Abstract Temporal data, and in particular time periods, are crucial to many applications in different sectors, such as industry, medicine, insurance, finance, tourism, and management. Such applications often consult historical information in order to compare and optimize processes. Generally, the time periods in this data represent the period of validity in the real-world, such as the period of a specific assignment, but may also represent the periods when the data was stored, i.e., believed to be true. Inferring new information from this data is eased by visualizing and comparing their different time periods. In this paper, we present Time°diff, a novel visualization approach based on timebar charts, which is suitable for comparing data with time periods and enabling decision makers to easily analyze information containing period data.
Abstract We propose DigitHist, a histogram summary for selectivity estimation on multidimensional data with tight error bounds. By combining multidimensional and one-dimensional histograms along regular grids of different resolutions, DigitHist provides an accurate and reliable histogram approach for multidimensional data. To achieve a compact summary, we use a sparse representation combined with a novel histogram compression technique that chooses a higher resolution in dense regions and a lower resolution elsewhere. For the construction of DigitHist, we propose a new error measure, termed u-error, which minimizes the width between the guaranteed upper and lower bounds of the selectivity estimate. The construction algorithm performs a single data scan and has linear time complexity. An in-depth experimental evaluation shows that DigitHist delivers superior precision and error bounds than state-of-the-art competitors at a comparable query time.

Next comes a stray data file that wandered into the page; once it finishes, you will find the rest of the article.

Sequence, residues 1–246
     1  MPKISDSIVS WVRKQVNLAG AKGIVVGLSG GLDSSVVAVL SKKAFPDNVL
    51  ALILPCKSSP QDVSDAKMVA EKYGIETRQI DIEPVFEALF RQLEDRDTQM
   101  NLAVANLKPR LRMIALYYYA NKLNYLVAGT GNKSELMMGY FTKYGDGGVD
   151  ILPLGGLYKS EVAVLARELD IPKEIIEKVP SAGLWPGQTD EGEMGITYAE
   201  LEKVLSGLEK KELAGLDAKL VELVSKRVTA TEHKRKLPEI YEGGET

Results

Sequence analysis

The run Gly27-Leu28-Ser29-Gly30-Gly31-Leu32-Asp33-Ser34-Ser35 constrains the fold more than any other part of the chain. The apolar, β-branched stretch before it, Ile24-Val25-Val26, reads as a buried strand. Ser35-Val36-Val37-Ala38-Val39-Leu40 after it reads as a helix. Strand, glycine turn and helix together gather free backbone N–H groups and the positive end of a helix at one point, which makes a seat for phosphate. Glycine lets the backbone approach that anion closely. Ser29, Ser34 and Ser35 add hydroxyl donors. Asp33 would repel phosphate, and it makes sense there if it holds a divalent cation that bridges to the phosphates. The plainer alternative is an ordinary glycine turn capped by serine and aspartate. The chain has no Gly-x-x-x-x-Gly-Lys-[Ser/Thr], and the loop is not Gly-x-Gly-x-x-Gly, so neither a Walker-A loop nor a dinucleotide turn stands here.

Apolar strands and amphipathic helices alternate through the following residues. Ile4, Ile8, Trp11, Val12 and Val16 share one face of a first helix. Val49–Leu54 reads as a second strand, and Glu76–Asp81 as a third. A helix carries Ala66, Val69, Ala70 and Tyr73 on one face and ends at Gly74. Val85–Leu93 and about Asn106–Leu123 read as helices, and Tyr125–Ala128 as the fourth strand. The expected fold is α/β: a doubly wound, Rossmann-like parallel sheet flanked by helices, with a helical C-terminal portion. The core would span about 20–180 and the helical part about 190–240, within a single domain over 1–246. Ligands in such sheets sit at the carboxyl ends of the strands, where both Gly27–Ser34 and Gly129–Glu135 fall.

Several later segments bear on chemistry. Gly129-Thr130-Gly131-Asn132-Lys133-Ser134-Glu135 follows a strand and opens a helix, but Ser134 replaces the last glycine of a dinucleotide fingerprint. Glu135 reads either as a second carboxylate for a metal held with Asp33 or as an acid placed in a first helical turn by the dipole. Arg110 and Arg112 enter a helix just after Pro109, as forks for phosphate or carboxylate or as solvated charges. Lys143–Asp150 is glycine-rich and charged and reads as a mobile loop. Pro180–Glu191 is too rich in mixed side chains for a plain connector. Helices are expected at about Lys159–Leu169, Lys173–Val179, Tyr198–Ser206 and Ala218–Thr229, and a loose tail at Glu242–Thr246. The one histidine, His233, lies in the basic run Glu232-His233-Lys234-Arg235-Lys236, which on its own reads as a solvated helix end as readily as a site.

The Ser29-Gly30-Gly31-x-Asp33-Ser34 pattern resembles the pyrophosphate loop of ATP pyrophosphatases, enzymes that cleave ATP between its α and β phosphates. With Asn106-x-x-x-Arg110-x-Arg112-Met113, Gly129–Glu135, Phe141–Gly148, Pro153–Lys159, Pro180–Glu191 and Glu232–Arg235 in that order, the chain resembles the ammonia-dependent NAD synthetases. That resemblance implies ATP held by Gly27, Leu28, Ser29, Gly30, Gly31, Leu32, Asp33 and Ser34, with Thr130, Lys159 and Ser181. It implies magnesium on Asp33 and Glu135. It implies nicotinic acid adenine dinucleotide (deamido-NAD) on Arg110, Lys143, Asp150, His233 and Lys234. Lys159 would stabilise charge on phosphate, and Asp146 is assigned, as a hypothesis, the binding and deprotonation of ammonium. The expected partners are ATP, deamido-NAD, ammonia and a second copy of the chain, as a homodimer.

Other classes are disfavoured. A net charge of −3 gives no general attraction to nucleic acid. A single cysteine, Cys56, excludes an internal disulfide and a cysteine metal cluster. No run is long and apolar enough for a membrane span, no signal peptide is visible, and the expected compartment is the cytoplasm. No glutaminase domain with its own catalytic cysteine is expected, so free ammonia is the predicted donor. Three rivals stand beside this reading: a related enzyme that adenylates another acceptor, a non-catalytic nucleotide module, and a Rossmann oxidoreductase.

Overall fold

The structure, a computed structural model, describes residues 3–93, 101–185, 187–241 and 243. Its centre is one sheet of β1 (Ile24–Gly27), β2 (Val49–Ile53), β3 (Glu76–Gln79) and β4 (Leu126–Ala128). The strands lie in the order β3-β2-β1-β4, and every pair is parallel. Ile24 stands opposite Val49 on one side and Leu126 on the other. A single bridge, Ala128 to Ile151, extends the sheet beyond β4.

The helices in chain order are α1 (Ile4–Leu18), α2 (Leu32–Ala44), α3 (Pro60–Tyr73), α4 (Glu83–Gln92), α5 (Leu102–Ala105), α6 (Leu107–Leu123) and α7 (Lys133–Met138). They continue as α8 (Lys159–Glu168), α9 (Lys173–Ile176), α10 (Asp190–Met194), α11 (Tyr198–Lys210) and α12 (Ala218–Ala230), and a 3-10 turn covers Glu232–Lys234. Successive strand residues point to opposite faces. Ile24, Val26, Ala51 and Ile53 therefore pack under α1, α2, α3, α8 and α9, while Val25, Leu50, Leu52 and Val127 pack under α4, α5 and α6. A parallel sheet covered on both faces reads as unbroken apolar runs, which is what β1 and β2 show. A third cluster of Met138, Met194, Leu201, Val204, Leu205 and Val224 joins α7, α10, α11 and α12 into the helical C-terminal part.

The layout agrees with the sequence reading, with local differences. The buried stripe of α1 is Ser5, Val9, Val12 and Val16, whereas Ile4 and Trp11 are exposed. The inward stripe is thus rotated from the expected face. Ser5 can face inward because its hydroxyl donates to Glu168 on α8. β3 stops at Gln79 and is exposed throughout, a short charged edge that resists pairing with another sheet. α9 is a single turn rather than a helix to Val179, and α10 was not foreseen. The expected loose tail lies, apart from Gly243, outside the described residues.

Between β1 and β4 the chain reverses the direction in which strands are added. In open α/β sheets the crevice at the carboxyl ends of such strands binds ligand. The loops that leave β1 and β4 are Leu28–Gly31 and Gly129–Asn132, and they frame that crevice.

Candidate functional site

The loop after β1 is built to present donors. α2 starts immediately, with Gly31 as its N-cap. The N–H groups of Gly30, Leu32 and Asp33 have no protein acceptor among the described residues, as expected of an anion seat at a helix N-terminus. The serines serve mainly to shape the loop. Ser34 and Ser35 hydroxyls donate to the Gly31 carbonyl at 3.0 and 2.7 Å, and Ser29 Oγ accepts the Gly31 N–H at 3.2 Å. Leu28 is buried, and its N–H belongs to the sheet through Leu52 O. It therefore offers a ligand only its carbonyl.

Abstract The prefix sum approach is a powerful technique to answer range-sum queries over multi-dimensional arrays in constant time by requiring only a few look-ups in an array of precomputed prefix sums. In this paper, we propose the sparse prefix sum approach that is based on relative prefix sums and exploits sparsity in the data to vastly reduce the storage costs for the prefix sums. The proposed approach has desirable theoretical properties and works well in practice. It is the first approach achieving constant query time with sub-linear update costs and storage costs for range-sum queries over sparse low-dimensional arrays. Experiments on real-world data sets show that the approach reduces storage costs by an order of magnitude with only a small overhead in query time, thus preserving microsecond-fast query answering.